Beacon Theatre was located one block from where I lived on 74th Street
& West End Avenue. The theatre was built in 1926 and showed silent
movies(before my time). It maintained its ornate and gilded look through
This was our neighborhood movie theatre and we
loved going there. We watched all the Bob Hope movies as well Abbot
& Costello comedies.
My sister Joan and I would go to the
Saturday matinees by ourselves and sit in the separated children's
section. This area was overseen by a stern matron with a strong
flashlight. One false move and you were out in the street. Regardless of
her devotion to quell even the tiniest sound from our area, the
children's section was in constant motion and giggles.
always a double feature and it was a great way to spend a rainy or snowy
afternoon. During the intermission there was an organ player followed
by the manager selling plates on the stage. During the war years there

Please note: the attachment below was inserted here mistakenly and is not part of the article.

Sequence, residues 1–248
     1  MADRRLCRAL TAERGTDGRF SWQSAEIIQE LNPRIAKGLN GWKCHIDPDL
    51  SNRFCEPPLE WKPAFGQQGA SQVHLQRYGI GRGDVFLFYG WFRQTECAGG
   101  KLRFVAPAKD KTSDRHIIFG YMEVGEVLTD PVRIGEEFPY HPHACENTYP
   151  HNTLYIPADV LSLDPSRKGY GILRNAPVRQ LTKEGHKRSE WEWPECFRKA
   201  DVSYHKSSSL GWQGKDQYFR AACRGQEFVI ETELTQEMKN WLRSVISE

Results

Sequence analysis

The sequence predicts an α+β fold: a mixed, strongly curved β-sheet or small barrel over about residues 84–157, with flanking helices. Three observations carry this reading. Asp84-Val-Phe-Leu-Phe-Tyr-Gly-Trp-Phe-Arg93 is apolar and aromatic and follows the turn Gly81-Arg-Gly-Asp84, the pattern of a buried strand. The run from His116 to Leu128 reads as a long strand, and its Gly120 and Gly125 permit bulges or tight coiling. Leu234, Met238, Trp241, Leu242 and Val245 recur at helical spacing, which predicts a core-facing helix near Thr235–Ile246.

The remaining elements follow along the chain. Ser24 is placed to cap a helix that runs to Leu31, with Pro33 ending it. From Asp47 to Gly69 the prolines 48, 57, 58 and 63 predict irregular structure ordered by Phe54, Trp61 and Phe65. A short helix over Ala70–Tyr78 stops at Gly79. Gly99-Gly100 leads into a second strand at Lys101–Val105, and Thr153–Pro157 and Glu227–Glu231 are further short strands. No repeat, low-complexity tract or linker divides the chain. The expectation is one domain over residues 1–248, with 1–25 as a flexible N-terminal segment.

was always a canister passed around for donations to various charities,
mostly Red Cross.
Every theatre ran at least one cartoon, usually
Mickey Mouse, Popeye or Betty Boop. Our favorite candies were of course
Peanut Chews,Goobers,JuJubes &,Mary Janes . No popcorn no drinks.
Uncle Herman(Dad's brother), lived in the attached Beacon Hotel. It was
always a treat to visit him. He was a divorced, very dapper gentlemen
with a very cool bachelor pad that catered to my 13 year old fantasies.
It was The Esquire Magazines with the famous scantily clad "Esquire
Girls" paintings that brought me back to visit time and again. The
magazine prepped me for Playboy many years later.
As we got older
Joan and I gradually elevated our theatre venues to the two theatres on
81st & Broad- way. RKO and Loews. This was the gathering place
through High School. If those balconies could talk it would be XX rated.
The hottest babe was Barbara Siegel, daughter of the infamous Bugsy
Siegel. She lived across the street from me. If all the "balcony"
stories were even half true, they were savory indeed.
All of this
was left behind after entering college. The BeaconTheatre declined and I
think was closed for a long spell. It was great to see that landmark
revived to its original splendor as a popular stage show theatre and
Don Herzog ‘45
P.S. 87 1945